On February 16, 2017, the Indiana Supreme Court issued an opinion regarding a sports participant’s duty owed to other participants in sports-injury tort cases. Megenity v. Dunn (No. 22D03-1309-CT-1354, decided Feb. 16, 2017). The Court affirmed the trial court’s ruling that a participant does not breach a duty owed to another participant by engaging in conduct ordinary in the sport, unless the participant intentionally or recklessly did so.
In Megenity, the plaintiff was a black belt in karate and attended classes at one particular studio for two years. At one session, she volunteered to hold a flying-kick bag while students practiced. The defendant was a green belt and accidentally executed a jump kick (both feet are off the ground) instead of a flying kick (one foot remains on the ground), which sent the plaintiff “flying and crashing to the floor”. The plaintiff suffered a knee injury, requiring surgery and months of physical therapy.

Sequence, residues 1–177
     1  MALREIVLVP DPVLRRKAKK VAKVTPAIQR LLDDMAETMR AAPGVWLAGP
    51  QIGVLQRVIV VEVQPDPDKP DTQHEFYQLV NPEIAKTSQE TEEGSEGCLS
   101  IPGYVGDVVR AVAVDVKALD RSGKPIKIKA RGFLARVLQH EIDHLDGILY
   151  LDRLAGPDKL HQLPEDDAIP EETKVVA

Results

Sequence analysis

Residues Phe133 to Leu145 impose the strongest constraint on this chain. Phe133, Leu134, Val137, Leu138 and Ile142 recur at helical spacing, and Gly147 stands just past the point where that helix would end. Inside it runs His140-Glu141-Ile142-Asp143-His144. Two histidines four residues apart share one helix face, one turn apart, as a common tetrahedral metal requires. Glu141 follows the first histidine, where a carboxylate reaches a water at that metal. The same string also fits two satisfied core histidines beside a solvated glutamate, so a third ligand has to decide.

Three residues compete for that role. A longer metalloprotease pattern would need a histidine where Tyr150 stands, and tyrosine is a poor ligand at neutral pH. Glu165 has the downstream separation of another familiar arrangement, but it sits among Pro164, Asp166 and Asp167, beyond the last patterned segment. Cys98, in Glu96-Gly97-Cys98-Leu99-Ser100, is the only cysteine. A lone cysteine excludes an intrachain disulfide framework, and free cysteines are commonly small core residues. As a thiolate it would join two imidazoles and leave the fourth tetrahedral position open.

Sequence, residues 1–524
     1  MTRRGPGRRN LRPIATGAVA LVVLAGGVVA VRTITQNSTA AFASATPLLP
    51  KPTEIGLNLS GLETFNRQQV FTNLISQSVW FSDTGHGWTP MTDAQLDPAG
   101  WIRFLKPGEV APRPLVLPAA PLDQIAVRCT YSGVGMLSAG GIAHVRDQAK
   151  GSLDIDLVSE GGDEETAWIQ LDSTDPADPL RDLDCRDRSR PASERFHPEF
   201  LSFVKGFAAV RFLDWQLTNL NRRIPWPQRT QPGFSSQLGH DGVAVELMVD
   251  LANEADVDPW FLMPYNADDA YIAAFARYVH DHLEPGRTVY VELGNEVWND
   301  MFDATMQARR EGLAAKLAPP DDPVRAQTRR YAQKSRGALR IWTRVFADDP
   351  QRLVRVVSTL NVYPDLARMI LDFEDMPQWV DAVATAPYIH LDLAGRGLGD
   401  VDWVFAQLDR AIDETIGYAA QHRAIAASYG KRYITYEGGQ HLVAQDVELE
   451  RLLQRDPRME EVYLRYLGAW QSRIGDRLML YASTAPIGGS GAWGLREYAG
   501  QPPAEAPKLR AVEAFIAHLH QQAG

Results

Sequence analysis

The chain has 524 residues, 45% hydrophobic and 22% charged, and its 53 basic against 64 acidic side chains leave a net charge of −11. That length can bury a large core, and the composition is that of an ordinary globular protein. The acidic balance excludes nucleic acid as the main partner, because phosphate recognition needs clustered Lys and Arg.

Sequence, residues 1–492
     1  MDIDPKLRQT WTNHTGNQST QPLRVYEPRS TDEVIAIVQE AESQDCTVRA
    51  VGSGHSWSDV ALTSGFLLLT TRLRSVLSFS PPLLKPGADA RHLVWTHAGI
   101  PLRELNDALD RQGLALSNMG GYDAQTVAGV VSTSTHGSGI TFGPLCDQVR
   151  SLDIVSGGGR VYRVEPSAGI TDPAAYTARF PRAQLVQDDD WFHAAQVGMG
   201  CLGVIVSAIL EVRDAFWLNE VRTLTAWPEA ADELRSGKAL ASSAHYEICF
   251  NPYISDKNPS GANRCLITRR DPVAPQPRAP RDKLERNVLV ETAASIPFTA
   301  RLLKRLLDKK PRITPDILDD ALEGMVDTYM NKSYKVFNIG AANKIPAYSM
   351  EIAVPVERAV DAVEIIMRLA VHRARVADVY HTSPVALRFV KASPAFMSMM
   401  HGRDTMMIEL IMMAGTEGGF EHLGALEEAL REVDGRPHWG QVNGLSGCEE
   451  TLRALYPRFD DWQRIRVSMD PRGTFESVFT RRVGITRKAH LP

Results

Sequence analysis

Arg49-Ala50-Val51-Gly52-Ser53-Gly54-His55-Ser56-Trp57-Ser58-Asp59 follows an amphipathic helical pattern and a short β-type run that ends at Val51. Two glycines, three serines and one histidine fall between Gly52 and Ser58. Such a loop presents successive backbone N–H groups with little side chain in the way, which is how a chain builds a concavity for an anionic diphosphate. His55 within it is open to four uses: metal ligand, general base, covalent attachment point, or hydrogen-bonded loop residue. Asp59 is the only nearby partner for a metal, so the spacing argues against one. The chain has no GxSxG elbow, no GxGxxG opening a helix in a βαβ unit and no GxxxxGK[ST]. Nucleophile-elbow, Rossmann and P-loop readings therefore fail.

The plaintiff sued, arguing that the defendant breached a duty to her because a jump kick is never done during a flying kick drill. The trial court granted summary judgment for the defendant, finding a jump kick was an ordinary behavior during a kick-the-bag drill. The Supreme Court agreed, finding that “ordinary conduct” should be determined looking at the sport generally, not in the specific activity within the sport. As jump kicks are ordinary in the general sport of karate and the defendant did not intentionally or recklessly execute a jump kick, the defendant did not breach a duty even though the jump kick was contrary to protocol.